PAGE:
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The News

152-year-old shipwreck discovered in Lake Ontario

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Category: News
Created on Monday, 26 October 2015 15:06

By Garret Ellison

LAKE ONTARIO — When it comes to Great Lakes shipwreck hunting, sometimes it's a matter of feast or famine.

In 2014, New York wreck sleuths Jim Kennard and Roger Pawlowski found four undiscovered shipwrecks in the waters of Lake Ontario.

This year, the duo found one — a propeller steamer named the Bay State, which foundered in a storm off Fair Haven, N.Y. in 1862. Discovery of the ship, launched before the Civil War, was announced on Wednesday, Oct. 21.

"We were getting pretty discouraged when something popped up on the depth finder," said Kennard. "About 15 seconds later, the side-scan sonar went over."

"Finally, we found something."

 

The Bay State is the oldest propeller-driven steamship discovered in Lake Ontario. It sank en route to Ohio with a cargo of general merchandise after leaving Oswego, N.Y. late on Nov. 4, 1862. There were no survivors.

Kennard, who has been exploring shipwrecks since the 1970s, would only say the wreck is in several hundred feet of water about seve miles north of Fair Haven. Vagueness helps guard the wreck from potential looting and inexperienced divers, he said.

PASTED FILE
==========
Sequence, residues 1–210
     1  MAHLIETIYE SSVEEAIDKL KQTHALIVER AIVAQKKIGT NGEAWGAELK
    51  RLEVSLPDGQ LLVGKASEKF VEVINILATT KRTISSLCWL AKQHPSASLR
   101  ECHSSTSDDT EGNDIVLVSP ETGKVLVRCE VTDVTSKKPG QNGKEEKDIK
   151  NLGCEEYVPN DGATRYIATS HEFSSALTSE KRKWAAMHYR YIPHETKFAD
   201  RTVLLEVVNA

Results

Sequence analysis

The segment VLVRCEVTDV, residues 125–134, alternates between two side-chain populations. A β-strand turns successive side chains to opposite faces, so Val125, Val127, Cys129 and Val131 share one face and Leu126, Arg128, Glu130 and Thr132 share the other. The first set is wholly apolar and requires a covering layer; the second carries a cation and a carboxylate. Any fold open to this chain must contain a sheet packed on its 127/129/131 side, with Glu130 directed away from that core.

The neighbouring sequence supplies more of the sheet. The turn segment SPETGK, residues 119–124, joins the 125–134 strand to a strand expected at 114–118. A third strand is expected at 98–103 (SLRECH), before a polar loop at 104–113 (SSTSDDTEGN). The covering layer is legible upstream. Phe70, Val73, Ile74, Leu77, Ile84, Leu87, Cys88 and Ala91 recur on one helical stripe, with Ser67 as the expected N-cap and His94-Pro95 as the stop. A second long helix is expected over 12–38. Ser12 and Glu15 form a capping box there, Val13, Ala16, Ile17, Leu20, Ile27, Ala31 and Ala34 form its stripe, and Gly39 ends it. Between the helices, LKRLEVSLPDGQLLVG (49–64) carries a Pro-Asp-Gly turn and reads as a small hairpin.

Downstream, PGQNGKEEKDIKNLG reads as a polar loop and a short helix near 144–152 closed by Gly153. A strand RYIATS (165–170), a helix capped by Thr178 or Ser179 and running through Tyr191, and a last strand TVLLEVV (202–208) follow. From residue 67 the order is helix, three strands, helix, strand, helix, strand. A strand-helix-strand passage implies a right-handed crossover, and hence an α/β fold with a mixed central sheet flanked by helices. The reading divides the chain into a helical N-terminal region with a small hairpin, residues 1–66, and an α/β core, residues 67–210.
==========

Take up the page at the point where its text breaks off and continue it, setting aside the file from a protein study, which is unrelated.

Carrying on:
He and Pawlowski found the wreck around Aug. 20. They returned with a remotely operated vehicle (ROV) that recorded imagery before nearly becoming a wreck of its own. The Bay State debris snagged the ROV tether line and the $45,000 piece of equipment had to be left behind and retrieved a month later by divers.

The duo were out canvassing a grid using a database of Lake Ontario wrecks when their search boat passed over the Bay State and its debris field, which Kennard said extends about a quarter mile along the lake bottom.

Debris west of the wreck site indicates the ship turned around to seek shelter from the approaching storm, which was blowing with gale force from the west.

Like many ships that sink rapidly, the Bay State's upper decks were blown apart by air escaping the ship as it sank. Much of the flotsam washed ashore near Oswego and was eagerly carted away by locals as if a "Home Depot had just opened."

Between 16 and 18 people died in the wreck. Precise records on the ship are scarce, he said. There are no known pictures of the Bay State.

The 137-foot long, 26-foot wide double-deck single masted Bay State was built in Buffalo, N.Y. in 1852 by Bidwell & Banta shipbuilders. Chamberlain & Crawford of Cleveland was the ship owner when it sank.

The ship was among the earliest propeller steamers to ply the lakes. Prior to 1841, steamships were driven by paddlewheels. Kennard said New York maritime historians are interested in knowing more about the propeller and engine.

"This very old steamer will yield some interesting maritime facts," he said.

Kennard, who is a member of the famed Explorers Club, has found more than 200 shipwrecks in the past 40 years. His biggest find was in 2008, when Kennard and fellow hunter Dan Scoville discovered the 235-year-old British warship HMS Ontario, the oldest shipwreck ever discovered in the Great Lakes.